Here’s a big one. Much of the stress we face comes from the demands others place on us. The expectations we set for ourselves are, of course, another major culprit.

Challenging yourself is excellent, and fulfilling your responsibilities is a key part of living a healthy adult life. However, too many people find themselves in situations where they can’t handle everything they take on.

Being overworked becomes a significant source of stress in that case, and a well-placed “no” can lift your burden. So, you don’t feel up to attending that dinner party with your new neighbors (especially if they’ll be serving alcohol)? You don’t really want to work this weekend?

Use healthy boundary setting to destress yourself.

6. Practice Self-Care

Restorative sleep, leisure time to engage in hobbies, and healthy eating can — in combination — do a lot to relieve stress. Get yourself into a routine that works. A solid structure is especially important during the early stages of recovery when every stressful situation represents an increased risk of relapse.

Your structure might involve daily meetings, at least eight hours of sleep, structured hobbies like golf, a martial arts class, or a book club, and simple meals designed to meet your nutritional needs. Whatever your unique schedule looks like, don’t be afraid to center your health. You’re worth it, and your recovery may depend on your willingness to place yourself first (for a time).

7. Fresh Air and Nature

Research has shown that spending as little as 20 minutes in nature can significantly lower your stress levels and improve your mood. If you’re nature-starved, there are plenty of ways to get your fix:

  • Take a leisurely walk in a beautiful public park
  • Go hiking
  • Get yourself some houseplants — they purify the air in your home and lift your spirits
  • Visit a botanical garden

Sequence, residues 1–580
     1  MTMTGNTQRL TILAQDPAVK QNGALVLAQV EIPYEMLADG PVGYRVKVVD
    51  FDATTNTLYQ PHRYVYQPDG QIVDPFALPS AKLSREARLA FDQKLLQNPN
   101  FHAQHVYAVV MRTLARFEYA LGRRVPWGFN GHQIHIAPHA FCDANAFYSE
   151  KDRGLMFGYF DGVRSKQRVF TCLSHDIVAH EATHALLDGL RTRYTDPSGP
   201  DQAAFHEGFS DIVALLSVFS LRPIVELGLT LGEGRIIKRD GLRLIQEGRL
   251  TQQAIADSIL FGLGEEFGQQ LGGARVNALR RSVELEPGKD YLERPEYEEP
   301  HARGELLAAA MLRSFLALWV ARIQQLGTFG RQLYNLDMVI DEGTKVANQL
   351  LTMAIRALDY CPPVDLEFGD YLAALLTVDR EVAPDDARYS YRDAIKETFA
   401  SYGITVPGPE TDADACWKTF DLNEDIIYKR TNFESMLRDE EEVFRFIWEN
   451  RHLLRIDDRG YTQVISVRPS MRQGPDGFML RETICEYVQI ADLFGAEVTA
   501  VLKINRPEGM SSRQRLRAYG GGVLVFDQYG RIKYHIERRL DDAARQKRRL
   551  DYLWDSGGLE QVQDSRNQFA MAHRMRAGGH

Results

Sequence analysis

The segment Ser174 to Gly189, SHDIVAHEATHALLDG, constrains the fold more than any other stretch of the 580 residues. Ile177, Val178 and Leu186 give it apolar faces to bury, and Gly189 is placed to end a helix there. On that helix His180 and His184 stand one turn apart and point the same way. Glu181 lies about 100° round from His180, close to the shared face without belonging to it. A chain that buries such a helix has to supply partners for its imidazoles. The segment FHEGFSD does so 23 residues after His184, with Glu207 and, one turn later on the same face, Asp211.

• Don’t forget to open your windows every day for at least 15 minutes to let fresh air into your home

Some people are better able to enjoy nature if they don’t just stare at it but actively engage with it. If you’re one of them, try joining a bat-watching walk, get yourself an allotment to grow some vegetables if you don’t have a garden, or consider getting a dog you could take on long walks.

8. Laugh!

People don’t say that laughter is the best medicine for no reason. Laughing can boost your immune system, relieve pain, soothe tense muscles, improve your mood, and reduce stress.

Are you not sure you have something to laugh about? Challenge yourself to find the humor in any situation — and watch plenty of cheesy comedy shows if you have to. Laughter is as contagious as stress, and it gets easier with time!

A Final Word

Dealing with stress is especially difficult during the early stages of recovery when it’s hard to imagine that there are solutions beyond booze. As you practice healthy coping mechanisms, however, you’ll quickly discover that the world is filled with healthy stress relief options.

Try them all, and see what works for you!

While you’ll strengthen your ability to deal with daily stress the alcohol-free way over time, some situations are, of course, too tricky to handle on your own. In this case, never be afraid to seek professional help or find solace in your recovery group.

Martijn van Eijk
Martijn is a passionate creator and the driving force behind He created this website to assist individuals and their families in conquering alcohol addiction and finding a joyful, fulfilling life after alcohol. With a deep understanding of the challenges they face, he empowers readers with valuable insights and practical guidance on their journey towards recovery. Author of the Stop Shaking Book.